As painful as it was for the city of Cleveland, LeBron James‘ departure for Miami back in 2010 laid the groundwork for the Cavs’ title chances this season, Steve Bulpett of The Boston Herald writes. If James had remained, the franchise would not have been in the position to draft Kyrie Irving, nor have had the opportunity to select Andrew Wiggins, who was the centerpiece of the deal to acquire Kevin Love, Bulpett notes.
“Could he have won a championship if he stayed here? We’ll never know,” said former Cav Jim Chones, who is the team’s radio color commentator. “But we do know this, and this is a fact, that we’re better than we were the first time he was here. And we also have other opportunities down the road because of draft picks that we’ve stored up, so Cleveland is in a position where they’re going to be good for a while, not just a flash in the pan. Looking back to when LeBron left, philosophically speaking, it created an acute awareness within our organization that we had to be better at everything we did. Him leaving … we were so dependent on him, as most teams are with the super players, that it put us in a position that we weren’t prepared for.”
Here’s more news out of Cleveland:
- Though their relationship hasn’t been perfect this season, James understands the difficulties that Love has had to deal with since coming to the Cavs, Sam Amico of FOX Sports Ohio relays. “He’s been highly criticized this year,” James said. “I know why. For a team that finally gets together, when you have a ‘Big Three,’ they’ve got to find someone. When I was in Miami, Chris Bosh was that guy at one point. I’ve seen it before. When you’ve been in position where you’ve had your own team and now you come and join forces, at one point in Miami we were 9-8. They started pointing fingers at anybody. They’ve got to find somebody.“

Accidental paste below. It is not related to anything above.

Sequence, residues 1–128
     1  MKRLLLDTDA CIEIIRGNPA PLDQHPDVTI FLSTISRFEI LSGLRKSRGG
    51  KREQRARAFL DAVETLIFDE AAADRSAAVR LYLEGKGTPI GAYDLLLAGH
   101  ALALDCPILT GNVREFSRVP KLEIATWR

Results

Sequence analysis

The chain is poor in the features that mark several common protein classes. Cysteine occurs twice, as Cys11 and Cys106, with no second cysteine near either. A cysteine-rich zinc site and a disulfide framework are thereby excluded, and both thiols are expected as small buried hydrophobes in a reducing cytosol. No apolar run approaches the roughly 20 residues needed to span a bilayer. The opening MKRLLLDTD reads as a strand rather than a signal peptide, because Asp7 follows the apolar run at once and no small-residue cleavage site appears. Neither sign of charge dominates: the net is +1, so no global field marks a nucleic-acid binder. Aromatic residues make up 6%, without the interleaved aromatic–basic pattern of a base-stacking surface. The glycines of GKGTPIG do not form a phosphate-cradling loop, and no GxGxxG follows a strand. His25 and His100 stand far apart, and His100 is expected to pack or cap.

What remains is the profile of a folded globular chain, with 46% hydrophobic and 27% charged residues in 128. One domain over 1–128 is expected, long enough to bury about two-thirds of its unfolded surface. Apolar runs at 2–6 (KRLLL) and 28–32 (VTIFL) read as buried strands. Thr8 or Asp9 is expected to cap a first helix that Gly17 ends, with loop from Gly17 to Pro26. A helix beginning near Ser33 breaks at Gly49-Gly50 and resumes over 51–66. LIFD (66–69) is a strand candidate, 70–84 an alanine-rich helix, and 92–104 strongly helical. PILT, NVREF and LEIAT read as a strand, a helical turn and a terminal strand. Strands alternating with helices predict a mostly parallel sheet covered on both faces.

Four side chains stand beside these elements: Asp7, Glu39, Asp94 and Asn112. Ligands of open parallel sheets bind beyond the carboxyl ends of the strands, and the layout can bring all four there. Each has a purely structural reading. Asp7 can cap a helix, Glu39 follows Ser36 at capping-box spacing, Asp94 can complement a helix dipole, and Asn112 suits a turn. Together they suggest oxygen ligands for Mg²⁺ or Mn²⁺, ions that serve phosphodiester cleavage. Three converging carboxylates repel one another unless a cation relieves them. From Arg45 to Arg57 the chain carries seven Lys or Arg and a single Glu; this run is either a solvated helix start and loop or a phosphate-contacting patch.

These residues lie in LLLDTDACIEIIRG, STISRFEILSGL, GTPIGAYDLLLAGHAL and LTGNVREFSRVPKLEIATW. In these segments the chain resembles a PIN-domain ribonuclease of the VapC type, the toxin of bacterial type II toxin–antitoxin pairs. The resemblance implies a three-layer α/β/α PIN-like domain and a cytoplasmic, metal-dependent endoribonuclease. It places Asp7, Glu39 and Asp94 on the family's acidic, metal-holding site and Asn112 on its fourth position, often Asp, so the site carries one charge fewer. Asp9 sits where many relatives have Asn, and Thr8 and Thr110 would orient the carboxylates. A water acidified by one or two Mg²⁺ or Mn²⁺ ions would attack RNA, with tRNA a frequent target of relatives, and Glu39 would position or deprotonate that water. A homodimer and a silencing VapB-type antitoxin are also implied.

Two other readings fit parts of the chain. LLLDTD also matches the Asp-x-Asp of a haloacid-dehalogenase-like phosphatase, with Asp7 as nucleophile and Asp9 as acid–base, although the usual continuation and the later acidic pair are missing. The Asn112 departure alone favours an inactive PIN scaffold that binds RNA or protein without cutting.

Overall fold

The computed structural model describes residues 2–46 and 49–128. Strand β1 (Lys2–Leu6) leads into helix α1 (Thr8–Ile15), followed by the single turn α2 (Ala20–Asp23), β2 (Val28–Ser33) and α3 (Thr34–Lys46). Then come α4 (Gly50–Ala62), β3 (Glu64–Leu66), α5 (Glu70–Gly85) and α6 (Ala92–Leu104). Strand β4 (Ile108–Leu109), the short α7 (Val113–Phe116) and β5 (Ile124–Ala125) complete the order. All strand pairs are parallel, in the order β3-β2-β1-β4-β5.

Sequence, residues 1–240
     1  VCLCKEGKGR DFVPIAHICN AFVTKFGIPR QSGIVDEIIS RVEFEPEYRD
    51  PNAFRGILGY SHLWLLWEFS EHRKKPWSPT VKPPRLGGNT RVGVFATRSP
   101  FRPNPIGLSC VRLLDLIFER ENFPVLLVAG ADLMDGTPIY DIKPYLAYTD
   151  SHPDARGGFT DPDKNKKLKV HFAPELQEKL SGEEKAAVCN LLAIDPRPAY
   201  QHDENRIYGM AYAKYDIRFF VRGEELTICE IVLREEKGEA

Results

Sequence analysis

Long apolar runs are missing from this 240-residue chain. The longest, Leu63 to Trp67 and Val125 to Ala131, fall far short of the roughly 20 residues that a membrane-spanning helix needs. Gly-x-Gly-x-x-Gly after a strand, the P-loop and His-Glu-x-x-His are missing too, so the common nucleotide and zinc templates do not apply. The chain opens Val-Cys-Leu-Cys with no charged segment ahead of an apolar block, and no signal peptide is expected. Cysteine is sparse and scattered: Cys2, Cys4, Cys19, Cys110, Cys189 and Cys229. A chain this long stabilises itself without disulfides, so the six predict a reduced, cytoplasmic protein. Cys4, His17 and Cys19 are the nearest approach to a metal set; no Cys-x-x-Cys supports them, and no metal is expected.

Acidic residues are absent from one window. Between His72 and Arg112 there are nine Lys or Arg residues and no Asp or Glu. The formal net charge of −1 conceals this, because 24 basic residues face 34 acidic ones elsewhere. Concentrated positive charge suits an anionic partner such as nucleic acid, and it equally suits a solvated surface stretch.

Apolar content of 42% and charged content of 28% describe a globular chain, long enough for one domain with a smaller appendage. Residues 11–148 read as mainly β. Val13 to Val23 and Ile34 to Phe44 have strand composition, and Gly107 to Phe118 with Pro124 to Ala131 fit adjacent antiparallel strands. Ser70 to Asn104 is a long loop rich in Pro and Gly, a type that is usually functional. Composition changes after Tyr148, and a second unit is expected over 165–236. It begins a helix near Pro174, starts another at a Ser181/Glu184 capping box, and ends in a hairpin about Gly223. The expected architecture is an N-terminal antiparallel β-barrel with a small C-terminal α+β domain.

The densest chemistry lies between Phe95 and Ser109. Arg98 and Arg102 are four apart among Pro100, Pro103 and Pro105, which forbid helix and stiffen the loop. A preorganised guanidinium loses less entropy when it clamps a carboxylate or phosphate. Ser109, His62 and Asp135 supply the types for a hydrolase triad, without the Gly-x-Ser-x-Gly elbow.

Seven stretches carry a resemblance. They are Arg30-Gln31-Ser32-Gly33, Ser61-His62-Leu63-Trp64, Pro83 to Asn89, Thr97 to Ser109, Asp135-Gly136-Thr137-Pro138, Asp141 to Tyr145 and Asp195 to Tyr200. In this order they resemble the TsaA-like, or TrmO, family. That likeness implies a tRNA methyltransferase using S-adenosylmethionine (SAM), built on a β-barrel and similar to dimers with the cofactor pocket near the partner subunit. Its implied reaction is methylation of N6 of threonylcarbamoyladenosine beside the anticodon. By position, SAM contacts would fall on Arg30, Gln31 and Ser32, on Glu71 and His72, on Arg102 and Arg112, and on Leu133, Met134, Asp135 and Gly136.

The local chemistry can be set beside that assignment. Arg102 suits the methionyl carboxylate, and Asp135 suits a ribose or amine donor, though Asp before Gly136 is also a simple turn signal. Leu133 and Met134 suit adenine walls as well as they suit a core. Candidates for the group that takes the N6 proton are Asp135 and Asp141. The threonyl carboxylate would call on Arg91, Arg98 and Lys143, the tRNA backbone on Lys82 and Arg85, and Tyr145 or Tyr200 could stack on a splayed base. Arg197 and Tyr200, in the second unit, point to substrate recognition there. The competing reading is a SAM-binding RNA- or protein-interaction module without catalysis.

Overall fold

- The Cavs’ role-players are proving this postseason that Cleveland is more than just the “big three,” Tom Withers of The Associated Press writes. Just as James, Irving and Love have had to make personal sacrifices, the Cavs’ second-stringers have forgone individual accolades for team success, Withers adds. “It’s like a company. You have your janitor, your CEO. You have your secretaries,” said Tristan Thompson, who knows that his job is to bring energy as a reserve. “I don’t mind being the cleanup guy, punching the clock. I’ll do all the little things.”